Not so Fast, Neutrinos! Possible Explanation for CERN's Faster-Than-Light Claims
A few weeks ago, news broke that scientists at the CERN laboratory observed what could be particles traveling faster than the speed of light. With such physics-shaking implications on their hands, the researchers put out a call for independent verification. Though there have been a flurry of responses, one from the University of Groningen’s Ronald van Elburg could be the sweeping refutation that puts this issue to rest. Emphasis on “could be.”
In the original experiment, called OPERA, scientists measured how long it took for particles called neutrinos created at CERN to arrive at the Gran Sasso Laboratory in Italy. The distance between the laboratories (roughly 454 miles), and the fact that Gran Sasso is located underneath quite a bit of mountain, complicated the experiment since synchronizing two clocks in different locations is extremely difficult. In order to account for this, the scientists relied on the time signal from an orbiting GPS satellite. Using this benchmark, the researchers found that the neutrino arrived 60 nanoseconds earlier than light would.
However, it’s this reliance on an orbital clock that van Elburg says is causing the results observed in the OPERA experiment. The way the OPERA scientists structured the experiment, they assumed that their GPS-syncronized clocks would function as if they were on the ground. However, those clocks are receiving a signal from an orbiting satellite, which is moving in reference to the Earth. This creates two frames of reference for the experiment, and not one, says van Elburg.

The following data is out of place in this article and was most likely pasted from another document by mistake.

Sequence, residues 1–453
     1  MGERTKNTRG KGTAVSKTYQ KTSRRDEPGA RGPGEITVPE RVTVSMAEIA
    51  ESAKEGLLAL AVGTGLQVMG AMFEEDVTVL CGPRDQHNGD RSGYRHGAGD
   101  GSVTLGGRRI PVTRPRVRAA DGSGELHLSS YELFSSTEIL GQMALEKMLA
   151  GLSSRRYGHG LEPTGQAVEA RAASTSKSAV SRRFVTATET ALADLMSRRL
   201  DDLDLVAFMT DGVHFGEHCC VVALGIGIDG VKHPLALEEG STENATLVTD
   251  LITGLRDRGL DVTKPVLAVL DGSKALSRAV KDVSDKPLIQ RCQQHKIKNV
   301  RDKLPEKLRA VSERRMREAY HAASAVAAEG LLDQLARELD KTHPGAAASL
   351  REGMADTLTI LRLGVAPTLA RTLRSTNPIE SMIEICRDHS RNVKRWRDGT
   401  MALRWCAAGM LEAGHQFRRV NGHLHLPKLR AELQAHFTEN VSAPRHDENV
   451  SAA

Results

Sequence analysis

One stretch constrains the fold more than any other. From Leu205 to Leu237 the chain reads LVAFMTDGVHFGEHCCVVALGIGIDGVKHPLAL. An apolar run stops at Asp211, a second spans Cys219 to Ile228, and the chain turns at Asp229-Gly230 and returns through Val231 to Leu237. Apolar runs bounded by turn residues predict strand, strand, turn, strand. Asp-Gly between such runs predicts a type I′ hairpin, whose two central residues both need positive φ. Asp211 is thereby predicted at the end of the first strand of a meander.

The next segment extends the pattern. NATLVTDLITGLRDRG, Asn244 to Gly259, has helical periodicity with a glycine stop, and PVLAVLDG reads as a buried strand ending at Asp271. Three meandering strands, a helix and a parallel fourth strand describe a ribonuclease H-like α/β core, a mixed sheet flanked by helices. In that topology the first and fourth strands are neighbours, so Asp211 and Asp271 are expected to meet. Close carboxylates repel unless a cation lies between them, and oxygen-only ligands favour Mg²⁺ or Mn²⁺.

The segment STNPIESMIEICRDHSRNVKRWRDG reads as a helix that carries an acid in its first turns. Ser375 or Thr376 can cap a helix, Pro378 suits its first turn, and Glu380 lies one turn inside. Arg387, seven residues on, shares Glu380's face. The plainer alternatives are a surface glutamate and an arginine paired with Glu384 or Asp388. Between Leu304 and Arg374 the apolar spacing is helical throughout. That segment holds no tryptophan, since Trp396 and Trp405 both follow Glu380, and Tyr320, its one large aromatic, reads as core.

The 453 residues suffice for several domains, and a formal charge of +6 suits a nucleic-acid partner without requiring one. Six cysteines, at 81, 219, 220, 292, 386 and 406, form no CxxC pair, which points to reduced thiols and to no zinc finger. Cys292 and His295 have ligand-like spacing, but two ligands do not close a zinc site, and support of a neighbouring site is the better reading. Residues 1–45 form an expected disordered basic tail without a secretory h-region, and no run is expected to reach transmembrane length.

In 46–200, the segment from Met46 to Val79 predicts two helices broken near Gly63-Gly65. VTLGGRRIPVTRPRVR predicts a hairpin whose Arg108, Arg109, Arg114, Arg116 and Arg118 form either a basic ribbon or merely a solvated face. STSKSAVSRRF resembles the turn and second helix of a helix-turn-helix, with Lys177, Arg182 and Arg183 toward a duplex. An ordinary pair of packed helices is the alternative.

When it comes to relativity, frame of reference is everything. The satellite in this experiment was moving from West to East, tilted 55º in reference to the equator. Taken from this vantage point, the distance between the source of the neutrinos at CERN and the detector in Italy are actually changing. The excellent Physics arXiv blog at MIT’s Technology Review quotes van Elburg as saying, “From the perspective of the clock, the detector is moving towards the source and consequently the distance travelled by the particles as observed from the clock is shorter.”
Van Elburg says that this would throw off the experiment’s timing by 32 nanoseconds on each end of the experiment, for a total of roughly 64 nanoseconds of error in the experiment overall. This would mean that neutrino speed is quite similar to that of light, but not faster.
Of course, science is all about peer review and further investigation. Like the CERN claims, van Elburg’s will need independent verification to stand up. At a glance, they are a bit troubling since his proposal is so simple and sweeping. However, they are particularly attractive since van Elburg is using special relativity to solve an apparent refutation of special relativity. Over at the comments section of arXiv, readers are already beginning to pick over van Elburg’s claims.
We’ll have to wait and see what the final consensus of the scientific community will be, but in the meantime we’re probably going to learn a lot more about the finer points of physics in the process.
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